Without the proper budget, I think your best option is to shoot a well-exposed but not over-exposed master, and imitate this HDR "look" in post, by layering multiple versions of the video, each graded for one aspect of the dynamic range, or by using a plug-in like Magic Bullet Looks. Doing this live on capture, using hardware and mirror rigs, is at least as complicated as shooting quality 3-D right now.


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Anish Patel
Re: HDR Video
on Jan 2, 2011 at 5:56:50 pm

Thanks Mark, makes a lot of sense. Have you had experience with Magic Bullet?

http://www.anishpat.com


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Mark Suszko
Re: HDR Video
on Jan 2, 2011 at 7:23:32 pm

A little bit. It certainly is a time saver.


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Todd Terry
Re: HDR Video
on Jan 3, 2011 at 4:47:00 pm

I use Magic Bullet all the time (especially Magic Bullet Looks) and it's pretty great and powerful software... especially considering that it is not very expensive.

I'm not aware though of it being able to create something that really replicates HDR photography though... although it certainly can create some interesting looks that might be sufficient.

As you probably know, most HDR still photographs are created from at least three different exposures... and if you read the notes on some, you'll often find HDR photos that were made up of as many as a dozen different exposures... or more. Obviously the setup you mentioned using the two REDs and the beamsplitter was to get two simultaneous shots with different exposures.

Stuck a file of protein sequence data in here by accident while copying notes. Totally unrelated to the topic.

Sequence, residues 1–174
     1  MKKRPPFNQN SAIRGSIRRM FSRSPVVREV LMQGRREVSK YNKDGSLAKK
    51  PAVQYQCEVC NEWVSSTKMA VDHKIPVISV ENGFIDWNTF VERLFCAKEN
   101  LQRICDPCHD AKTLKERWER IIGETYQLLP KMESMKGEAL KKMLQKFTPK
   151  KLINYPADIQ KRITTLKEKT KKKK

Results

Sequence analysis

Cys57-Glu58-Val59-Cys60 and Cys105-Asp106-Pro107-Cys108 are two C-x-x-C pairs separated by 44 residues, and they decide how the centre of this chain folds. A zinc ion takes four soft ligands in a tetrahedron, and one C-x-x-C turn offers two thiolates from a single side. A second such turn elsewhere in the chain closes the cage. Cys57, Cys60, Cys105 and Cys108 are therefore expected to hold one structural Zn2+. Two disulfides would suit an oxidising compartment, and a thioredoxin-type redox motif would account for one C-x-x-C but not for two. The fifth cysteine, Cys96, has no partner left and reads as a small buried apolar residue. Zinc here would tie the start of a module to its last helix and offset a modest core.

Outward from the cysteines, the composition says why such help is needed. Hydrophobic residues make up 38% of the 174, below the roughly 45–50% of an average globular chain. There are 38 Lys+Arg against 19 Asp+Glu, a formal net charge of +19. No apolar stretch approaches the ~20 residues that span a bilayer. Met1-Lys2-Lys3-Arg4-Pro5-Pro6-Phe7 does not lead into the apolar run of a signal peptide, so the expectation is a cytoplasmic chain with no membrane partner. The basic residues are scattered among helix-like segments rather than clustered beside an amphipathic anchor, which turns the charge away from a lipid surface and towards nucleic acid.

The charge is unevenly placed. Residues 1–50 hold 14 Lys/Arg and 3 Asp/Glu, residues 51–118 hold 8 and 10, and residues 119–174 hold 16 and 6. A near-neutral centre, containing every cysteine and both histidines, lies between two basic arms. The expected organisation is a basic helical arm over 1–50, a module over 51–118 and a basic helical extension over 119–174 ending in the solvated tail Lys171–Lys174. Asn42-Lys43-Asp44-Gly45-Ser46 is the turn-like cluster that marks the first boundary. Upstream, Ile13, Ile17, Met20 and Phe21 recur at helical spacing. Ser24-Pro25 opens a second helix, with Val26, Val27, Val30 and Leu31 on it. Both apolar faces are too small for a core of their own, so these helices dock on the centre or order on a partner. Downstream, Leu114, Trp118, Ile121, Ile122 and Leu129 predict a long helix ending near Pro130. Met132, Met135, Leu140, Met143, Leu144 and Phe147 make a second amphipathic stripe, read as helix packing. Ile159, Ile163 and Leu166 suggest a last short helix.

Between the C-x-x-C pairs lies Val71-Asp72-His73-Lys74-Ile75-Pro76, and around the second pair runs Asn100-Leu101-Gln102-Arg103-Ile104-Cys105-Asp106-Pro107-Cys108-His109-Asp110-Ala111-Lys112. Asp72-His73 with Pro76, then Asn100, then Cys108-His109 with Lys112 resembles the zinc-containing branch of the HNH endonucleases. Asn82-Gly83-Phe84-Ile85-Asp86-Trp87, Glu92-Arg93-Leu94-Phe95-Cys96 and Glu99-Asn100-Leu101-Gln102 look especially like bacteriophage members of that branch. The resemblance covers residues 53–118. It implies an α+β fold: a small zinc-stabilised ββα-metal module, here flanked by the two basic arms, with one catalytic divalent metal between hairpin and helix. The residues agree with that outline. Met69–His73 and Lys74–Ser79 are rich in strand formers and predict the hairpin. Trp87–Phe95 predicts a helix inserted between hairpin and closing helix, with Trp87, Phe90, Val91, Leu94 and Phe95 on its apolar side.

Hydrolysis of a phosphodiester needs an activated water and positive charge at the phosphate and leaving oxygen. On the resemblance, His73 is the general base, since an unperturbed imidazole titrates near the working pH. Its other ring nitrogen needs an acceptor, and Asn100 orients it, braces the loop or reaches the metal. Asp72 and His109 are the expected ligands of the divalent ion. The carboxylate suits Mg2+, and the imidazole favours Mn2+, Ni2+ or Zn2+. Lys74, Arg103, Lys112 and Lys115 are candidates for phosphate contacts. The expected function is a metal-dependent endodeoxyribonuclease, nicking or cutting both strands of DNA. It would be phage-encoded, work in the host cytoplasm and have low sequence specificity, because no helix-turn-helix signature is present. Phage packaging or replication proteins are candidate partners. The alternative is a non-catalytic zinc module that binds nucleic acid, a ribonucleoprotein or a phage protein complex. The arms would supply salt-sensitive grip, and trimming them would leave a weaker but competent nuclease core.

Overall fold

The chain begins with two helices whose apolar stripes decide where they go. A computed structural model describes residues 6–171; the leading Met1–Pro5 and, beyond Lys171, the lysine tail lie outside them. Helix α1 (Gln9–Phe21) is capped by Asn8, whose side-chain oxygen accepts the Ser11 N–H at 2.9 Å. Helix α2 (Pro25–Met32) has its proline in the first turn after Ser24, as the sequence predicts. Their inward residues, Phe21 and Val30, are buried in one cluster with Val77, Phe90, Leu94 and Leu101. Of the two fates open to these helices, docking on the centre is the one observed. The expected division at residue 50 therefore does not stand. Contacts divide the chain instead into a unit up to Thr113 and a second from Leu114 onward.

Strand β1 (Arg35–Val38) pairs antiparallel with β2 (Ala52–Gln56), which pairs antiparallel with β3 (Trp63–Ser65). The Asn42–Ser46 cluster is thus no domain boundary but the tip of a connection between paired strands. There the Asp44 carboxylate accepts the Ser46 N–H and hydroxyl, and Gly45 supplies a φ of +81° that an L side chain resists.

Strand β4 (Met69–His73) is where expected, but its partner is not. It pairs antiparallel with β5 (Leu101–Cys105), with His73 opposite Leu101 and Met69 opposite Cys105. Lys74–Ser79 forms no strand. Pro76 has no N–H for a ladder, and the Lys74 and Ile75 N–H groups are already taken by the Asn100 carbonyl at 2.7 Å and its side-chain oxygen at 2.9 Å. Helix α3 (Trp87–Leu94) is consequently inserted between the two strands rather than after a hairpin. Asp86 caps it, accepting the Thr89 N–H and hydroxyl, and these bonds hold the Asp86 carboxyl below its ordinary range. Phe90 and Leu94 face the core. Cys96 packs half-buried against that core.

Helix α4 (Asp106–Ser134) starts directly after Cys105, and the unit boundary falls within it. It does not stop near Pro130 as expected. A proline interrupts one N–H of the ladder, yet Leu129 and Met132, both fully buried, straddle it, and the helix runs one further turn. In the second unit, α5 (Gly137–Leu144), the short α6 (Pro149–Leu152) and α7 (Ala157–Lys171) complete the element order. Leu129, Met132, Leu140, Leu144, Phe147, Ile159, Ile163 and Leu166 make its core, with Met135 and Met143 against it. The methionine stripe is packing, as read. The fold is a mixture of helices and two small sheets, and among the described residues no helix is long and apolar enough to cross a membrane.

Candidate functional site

BUT... in theory you could do this with just a single RED camera, as there are HDR programs that will take a single RAW image and split it into three different images of different exposures which are used to make the final HDR image. Most of the still HDR photos you see that are of static subjects (an object, or a building) were made with multiple exposures, but when you see an HDR "action" shot those were made with a single RAW image. The kicker, is that these are for stills. Doing it for motion footage is likely to be a fair bit more difficult. Apparently post production software that will allow you to take three different exposures of motion video does exist (because apparently people are doing it), but I'm not sure what that is. But again, yes in theory it can be done with a single RED shooting RAW. I would imagine that you would have to be very careful about nailing exposures right on the money, and it would probably be pretty darn complex and time consuming on the post side of things.

T2

__________________________________
Todd Terry
Creative Director
Fantastic Plastic Entertainment, Inc.
fantasticplastic.com



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Kevin Cannon
Re: HDR Video
on Jan 3, 2011 at 5:46:04 pm

A few months ago I wrote down a bunch of thoughts on how 24p HDRI cameras might work - it doesn't provide a solution by any means, but be interesting to some...

http://www.hardworkingpixels.com/?p=29

KC

prehistoricdigital.com
hardworkingpixels.com